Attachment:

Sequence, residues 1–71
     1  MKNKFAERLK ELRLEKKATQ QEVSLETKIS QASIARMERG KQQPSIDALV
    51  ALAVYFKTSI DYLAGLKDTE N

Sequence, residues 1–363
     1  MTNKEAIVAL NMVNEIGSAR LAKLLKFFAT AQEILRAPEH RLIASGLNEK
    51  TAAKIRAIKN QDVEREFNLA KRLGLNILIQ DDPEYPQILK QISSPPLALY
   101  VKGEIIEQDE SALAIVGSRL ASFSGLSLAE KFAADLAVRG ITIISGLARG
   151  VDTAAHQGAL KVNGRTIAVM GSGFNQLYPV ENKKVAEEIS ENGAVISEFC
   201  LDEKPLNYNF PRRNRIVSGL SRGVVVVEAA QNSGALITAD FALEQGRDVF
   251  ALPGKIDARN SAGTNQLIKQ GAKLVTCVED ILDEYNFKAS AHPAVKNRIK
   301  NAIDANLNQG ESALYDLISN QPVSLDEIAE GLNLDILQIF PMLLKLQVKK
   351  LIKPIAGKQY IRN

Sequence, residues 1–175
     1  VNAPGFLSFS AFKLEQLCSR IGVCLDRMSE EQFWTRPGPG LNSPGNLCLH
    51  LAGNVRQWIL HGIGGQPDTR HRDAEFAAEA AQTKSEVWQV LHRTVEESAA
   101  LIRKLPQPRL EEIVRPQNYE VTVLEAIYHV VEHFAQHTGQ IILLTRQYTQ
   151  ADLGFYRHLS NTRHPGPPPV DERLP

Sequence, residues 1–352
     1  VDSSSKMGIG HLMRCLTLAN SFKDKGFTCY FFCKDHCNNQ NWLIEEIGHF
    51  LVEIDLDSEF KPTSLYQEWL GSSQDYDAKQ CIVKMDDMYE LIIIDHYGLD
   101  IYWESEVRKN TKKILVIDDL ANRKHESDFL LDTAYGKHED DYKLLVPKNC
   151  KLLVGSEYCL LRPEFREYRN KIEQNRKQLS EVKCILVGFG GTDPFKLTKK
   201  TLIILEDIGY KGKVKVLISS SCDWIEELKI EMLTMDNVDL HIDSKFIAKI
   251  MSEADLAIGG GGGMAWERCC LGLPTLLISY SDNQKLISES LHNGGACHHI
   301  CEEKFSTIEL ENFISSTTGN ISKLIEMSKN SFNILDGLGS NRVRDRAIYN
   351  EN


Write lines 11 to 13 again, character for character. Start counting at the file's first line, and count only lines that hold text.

   301  NAIDANLNQG ESALYDLISN QPVSLDEIAE GLNLDILQIF PMLLKLQVKK
   351  LIKPIAGKQY IRN

Sequence, residues 1–175